When Marya Hornbacher published her first book, Wasted: A Memoir of Anorexia and Bulimia, she did not yet have the piece of shattering knowledge that would finally make sense of the chaos of her life. At age twenty-four, Hornbacher was diagnosed with Type I rapid-cycle bipolar, the most severe form of bipolar disorder.
In Madness, in her trademark wry and utterly self-revealing voice, Hornbacher tells her new story. Through scenes of astonishing visceral and emotional power, she takes us inside her own desperate attempts to counteract violently careening mood swings by self-starvation, substance abuse, numbing sex, and self-mutilation. How Hornbacher fights her way up from a madness that all but destroys her, and what it is like to live in a difficult and sometimes beautiful life and marriage — where bipolar always beckons — is at the center of this brave and heart-stopping memoir.
Madness delivers the revelation that Hornbacher is not alone: millions of people in America today are struggling with a variety of disorders that may disguise their bipolar disease. And Hornbacher’s fiercely self-aware portrait of her own bipolar as early as age four will powerfully change, too, the current debate on whether bipolar in children actually exists. (Goodreads)
“Madness strips you of memory and leaves you scrabbling around on the floor of your brain for the snatches and snippets of what happened, what was said, and when.”
This was such a visceral read for me. Marya Hornbacher’s Madness: A Bipolar Life is an autobiography about her struggle with bipolar disorder, ultra-rapid-cycle type 1, which is hard to treat.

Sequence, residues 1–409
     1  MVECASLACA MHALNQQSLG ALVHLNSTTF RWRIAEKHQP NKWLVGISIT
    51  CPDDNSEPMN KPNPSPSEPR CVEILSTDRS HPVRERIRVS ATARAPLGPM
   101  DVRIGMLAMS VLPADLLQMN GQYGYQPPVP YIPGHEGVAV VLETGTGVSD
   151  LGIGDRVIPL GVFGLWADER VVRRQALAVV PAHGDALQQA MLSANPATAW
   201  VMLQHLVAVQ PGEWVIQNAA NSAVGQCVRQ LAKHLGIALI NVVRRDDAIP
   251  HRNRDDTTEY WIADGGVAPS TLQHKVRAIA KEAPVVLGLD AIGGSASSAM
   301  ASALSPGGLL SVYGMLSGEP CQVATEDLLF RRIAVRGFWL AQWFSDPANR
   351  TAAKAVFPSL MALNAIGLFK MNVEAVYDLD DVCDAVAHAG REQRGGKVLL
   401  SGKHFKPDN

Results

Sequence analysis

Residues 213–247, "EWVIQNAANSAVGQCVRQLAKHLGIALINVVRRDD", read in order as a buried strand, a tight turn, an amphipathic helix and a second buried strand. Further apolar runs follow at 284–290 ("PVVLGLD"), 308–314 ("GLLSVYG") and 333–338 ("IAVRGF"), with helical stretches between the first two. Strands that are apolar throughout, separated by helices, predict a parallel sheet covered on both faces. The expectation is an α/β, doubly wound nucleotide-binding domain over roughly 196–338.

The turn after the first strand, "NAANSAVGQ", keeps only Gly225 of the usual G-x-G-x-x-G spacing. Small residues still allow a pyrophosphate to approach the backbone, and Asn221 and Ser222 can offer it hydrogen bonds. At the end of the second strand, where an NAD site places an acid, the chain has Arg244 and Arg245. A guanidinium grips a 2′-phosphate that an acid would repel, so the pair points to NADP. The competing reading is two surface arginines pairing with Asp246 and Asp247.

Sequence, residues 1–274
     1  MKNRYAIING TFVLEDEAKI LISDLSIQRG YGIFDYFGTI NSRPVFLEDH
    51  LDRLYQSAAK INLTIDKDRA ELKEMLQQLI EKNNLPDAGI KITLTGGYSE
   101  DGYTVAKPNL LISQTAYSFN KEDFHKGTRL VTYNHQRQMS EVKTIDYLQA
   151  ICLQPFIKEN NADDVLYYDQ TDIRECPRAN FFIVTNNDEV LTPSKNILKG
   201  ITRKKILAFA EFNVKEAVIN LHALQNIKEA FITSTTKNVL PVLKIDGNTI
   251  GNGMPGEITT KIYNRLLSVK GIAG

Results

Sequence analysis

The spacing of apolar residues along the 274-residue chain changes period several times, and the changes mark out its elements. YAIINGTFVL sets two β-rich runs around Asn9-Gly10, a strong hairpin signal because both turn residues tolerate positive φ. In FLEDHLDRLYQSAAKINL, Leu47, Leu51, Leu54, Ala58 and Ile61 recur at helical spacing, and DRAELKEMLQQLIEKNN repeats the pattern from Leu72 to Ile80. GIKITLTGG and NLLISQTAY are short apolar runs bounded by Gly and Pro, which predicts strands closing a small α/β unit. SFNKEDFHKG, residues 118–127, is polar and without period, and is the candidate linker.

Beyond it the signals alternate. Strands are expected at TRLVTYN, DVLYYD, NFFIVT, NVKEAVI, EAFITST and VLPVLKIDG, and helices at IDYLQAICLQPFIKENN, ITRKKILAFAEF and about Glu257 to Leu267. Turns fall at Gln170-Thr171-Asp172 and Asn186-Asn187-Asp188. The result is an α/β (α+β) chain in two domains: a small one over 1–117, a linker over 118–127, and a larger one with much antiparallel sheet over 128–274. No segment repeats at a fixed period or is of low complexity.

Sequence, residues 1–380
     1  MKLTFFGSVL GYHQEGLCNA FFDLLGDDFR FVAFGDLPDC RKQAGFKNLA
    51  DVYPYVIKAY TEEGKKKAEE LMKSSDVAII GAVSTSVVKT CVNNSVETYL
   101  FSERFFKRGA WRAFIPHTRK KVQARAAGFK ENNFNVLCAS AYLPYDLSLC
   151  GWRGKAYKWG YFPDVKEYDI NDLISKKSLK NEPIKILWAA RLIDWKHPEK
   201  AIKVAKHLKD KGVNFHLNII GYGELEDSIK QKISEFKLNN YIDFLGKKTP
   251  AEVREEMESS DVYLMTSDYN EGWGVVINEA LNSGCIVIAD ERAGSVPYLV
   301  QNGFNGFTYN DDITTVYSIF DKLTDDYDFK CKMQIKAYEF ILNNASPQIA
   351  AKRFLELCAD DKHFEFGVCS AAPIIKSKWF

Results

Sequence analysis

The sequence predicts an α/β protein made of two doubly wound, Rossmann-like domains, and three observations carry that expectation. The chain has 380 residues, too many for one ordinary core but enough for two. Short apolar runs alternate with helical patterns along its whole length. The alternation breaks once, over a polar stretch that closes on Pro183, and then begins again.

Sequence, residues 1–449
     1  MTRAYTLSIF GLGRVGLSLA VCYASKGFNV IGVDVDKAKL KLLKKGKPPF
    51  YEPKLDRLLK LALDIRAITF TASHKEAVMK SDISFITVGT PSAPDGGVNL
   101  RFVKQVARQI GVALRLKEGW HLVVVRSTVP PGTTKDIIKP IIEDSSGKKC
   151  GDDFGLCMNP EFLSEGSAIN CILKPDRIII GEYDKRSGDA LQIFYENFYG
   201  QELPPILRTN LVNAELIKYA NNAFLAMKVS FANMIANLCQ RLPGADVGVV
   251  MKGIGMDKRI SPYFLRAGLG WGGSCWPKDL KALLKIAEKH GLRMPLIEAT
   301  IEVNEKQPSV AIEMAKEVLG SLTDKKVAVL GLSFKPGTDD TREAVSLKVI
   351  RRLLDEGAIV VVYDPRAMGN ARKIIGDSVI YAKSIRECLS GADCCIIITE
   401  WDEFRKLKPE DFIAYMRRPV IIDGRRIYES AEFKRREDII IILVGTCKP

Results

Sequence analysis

Hornbacher takes us through her life starting when she was four and unable to sleep for nightmares to her teen years when she turned to alcohol and developed an eating disorder to adulthood when she has overcome many hardships and has acknowledged and accepted that she has bipolar disorder.
It was a hard read for me because of how descriptive the book is. As interested as I was in learning more about her, I often had to take breaks or force myself to take a break from reading. Because of this, I think the book can be triggering for some folks, which is the same that was said in the video where I first learned of Hornbacher’s book. (The video is by author and booktuber Jen Campbell and is about Mental Awareness Week.) Others might feel uncomfortable as they read, as I was, but I this book is an important read because it shows how it is for Hornbacher to live with bipolar disorder.
It was an illuminating read for me. Though I am curious about mental illness and will sometimes try to learn more, there is much I do not know especially since mental illness isn’t a topic often discussed in my family and isn’t regarded with much sensitivity (though this is changing).
There isn’t much else I have to say on this book. This was one of those reads that was mostly about experience for me. It showed me something new and introduced me to a life, an experience, an illness that I was ignorant of. It was a book I needed to read.
I’ve seen many people who manage book blogs or YouTube channels refrain from rating autobiographies and such because it’s as if you’re rating the person’s life. This is the first time I’ve thought the same.
However, these 5 stars isn’t a rating of Hornbacher’s life, but instead the writing itself. I believe the book is well written and I like how it is written because it seems that Hornbacher wrote certain passages to mirror how she felt at that time.
I highly recommend the book, but I do warn that it can be triggering and might not be for everyone.